As my research progressed this past week, I began to get a clearer idea of how my “Locals” section is going to pan out. I have already expressed the fact that the menu would be changing slightly, but I have settled on two subtopics: “Land” and “Economy”. “Land” will explore the connection between the Parkway, locals, and issues with land. In many cases locals had to evacuate their land because of the Parkway and in other cases they did not have to leave. I feel this is important to explore because it directly affected the lives of locals and in some cases the agriculture as well. Supporting primary sources for this section are the records of land sales, complaints from locals, and information within BRP documents about other ways locals have interacted with Parkway land. “Economy” will focus largely on the proposed effect the Parkway would have on the local economy versus the actual affect that it has had. This sections is perhaps one of the most notable ways that tourist migration on the Parkway has helped shape WNC. In this section I plan on pulling a goodly amount of information from the visitor reports as well as some of the arguments from primary sources that pushed for the BRP to run through WNC in order to boost the economy that had never quite recovered from the Great Depression.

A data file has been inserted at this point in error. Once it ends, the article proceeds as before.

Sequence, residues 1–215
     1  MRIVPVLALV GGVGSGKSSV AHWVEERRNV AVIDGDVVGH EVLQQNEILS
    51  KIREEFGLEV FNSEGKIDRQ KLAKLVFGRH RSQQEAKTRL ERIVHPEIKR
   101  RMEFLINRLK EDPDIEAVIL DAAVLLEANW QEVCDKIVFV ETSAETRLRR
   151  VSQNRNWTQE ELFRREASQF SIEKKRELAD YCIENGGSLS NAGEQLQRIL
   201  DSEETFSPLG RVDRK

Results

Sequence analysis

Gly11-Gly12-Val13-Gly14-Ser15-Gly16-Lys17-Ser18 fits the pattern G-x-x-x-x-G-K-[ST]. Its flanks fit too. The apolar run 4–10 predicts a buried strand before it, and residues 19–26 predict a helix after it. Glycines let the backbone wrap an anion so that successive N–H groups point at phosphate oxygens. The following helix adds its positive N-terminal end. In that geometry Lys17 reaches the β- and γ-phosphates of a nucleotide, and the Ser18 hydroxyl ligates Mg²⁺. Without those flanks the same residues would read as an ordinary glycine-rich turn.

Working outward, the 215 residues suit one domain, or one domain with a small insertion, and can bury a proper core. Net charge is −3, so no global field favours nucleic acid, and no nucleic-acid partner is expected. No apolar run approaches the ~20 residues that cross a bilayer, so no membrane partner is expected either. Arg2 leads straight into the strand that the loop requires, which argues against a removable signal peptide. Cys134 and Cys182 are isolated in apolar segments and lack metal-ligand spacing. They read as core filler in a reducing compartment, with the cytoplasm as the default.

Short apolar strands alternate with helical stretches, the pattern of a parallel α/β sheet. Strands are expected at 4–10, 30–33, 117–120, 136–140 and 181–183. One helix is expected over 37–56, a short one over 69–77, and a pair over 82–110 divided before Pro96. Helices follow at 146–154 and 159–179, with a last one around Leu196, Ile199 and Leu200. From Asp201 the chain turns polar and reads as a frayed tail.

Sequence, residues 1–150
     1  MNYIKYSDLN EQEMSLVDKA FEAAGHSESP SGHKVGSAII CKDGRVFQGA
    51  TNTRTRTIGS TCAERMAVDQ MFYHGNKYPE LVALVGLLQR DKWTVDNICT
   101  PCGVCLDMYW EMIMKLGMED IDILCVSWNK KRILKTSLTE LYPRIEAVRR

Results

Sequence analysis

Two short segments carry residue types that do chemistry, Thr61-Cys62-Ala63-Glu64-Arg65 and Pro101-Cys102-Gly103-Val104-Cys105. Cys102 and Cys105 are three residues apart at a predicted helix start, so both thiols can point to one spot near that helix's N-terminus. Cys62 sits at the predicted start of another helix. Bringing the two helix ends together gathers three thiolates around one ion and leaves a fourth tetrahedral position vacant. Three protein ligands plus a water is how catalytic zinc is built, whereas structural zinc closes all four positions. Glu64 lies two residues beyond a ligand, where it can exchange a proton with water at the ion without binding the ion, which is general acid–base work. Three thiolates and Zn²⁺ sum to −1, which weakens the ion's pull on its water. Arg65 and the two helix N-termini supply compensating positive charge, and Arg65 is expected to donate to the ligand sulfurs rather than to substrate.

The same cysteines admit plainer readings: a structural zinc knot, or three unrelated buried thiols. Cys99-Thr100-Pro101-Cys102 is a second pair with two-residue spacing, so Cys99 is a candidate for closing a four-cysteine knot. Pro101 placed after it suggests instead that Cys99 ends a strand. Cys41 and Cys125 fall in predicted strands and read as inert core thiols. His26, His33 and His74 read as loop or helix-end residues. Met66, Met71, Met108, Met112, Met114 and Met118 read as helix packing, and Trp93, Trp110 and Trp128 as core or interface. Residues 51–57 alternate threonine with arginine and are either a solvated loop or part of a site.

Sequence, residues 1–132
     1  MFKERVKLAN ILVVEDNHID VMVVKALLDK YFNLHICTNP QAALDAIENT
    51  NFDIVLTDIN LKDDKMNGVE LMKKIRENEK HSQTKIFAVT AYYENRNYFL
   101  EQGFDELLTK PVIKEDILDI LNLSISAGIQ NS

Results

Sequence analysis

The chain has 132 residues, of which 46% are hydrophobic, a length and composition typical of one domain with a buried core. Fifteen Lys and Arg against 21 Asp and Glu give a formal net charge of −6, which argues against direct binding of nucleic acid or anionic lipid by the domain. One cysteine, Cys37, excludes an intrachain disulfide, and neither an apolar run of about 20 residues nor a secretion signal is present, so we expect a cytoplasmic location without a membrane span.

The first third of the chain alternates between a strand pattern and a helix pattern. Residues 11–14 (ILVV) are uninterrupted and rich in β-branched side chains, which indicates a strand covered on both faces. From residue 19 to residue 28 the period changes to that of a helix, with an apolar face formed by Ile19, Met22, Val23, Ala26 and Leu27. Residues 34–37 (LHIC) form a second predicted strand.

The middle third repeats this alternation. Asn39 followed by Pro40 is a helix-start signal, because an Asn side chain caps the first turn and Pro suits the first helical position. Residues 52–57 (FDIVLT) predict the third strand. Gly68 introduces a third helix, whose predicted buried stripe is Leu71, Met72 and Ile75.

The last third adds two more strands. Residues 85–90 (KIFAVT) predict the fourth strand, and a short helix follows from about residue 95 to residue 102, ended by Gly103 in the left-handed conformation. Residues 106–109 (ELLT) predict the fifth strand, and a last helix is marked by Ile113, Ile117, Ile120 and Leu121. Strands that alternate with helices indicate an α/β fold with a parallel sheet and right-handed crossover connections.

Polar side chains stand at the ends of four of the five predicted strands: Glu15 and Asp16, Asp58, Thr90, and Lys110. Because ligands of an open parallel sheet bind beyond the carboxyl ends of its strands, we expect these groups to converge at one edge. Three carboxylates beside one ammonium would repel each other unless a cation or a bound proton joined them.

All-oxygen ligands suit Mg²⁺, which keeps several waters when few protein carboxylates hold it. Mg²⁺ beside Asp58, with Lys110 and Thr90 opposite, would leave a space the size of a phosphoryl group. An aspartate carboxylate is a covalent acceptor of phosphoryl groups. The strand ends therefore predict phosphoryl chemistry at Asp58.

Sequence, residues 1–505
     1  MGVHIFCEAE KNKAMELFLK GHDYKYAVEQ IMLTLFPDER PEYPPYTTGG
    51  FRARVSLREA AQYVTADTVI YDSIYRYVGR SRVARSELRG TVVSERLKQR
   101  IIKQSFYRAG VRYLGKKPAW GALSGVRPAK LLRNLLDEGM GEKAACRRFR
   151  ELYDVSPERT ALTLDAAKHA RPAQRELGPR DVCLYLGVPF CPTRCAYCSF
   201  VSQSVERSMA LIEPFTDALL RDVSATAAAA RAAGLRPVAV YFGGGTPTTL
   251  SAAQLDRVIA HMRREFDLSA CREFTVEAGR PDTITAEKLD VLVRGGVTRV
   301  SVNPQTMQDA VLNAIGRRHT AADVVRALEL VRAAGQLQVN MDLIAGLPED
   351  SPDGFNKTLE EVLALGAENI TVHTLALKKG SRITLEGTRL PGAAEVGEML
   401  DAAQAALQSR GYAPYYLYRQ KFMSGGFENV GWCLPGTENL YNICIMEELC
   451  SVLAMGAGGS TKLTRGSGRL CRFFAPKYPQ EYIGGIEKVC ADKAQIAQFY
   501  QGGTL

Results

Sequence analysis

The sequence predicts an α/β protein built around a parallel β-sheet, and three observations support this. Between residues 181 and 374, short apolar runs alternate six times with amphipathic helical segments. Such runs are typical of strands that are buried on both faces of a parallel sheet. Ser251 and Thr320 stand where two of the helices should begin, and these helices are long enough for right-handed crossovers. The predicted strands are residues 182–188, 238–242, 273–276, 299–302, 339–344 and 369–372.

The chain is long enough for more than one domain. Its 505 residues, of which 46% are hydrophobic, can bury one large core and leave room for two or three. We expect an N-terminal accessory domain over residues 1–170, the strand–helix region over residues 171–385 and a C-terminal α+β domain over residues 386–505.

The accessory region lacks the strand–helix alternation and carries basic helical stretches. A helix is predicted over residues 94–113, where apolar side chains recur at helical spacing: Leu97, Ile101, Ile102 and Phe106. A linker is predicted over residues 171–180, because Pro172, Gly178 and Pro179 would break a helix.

I also wanted to include a section about culture, but I am still unsure whether or not “Culture” should be its own page or should be combined with another. Would “Land and Culture” work, or is “Economics and Culture” better? Or, as I said, should “Culture” become its own freestanding page? Either way culture will appear on the website under “Locals.” As per the course description on the Cultural Crossroads course website, we are encouraged to look at how our migrant community has influenced music, labor relations, agriculture, and arts and crafts. So far my research indicates that the Parkway has effected these institutions by, well, encouraging them to remain the same. One might even say that in the early days of the Parkway local culture was actually urged to present itself as imbibing all the stereotypes that the rest of the nation had in regards to “mountain folk.” Personally I find this a bit depressing since generations of my family have lived here. I mean, who actually enjoys reading stereotypes about their people? Still, it’s interesting to see how locals and surrounding communities may have played on these stereotypes in order to attract visitors. Clearly I still have some things to work out, but I have a much better sense of direction than I did a week ago and have put up a rough draft narrative on my “Locals” landing page. As I continue working on “Locals,” I am also starting to think more about the “Tourists” section that Liz and I will work on together. But we will cross that bridge when we get there.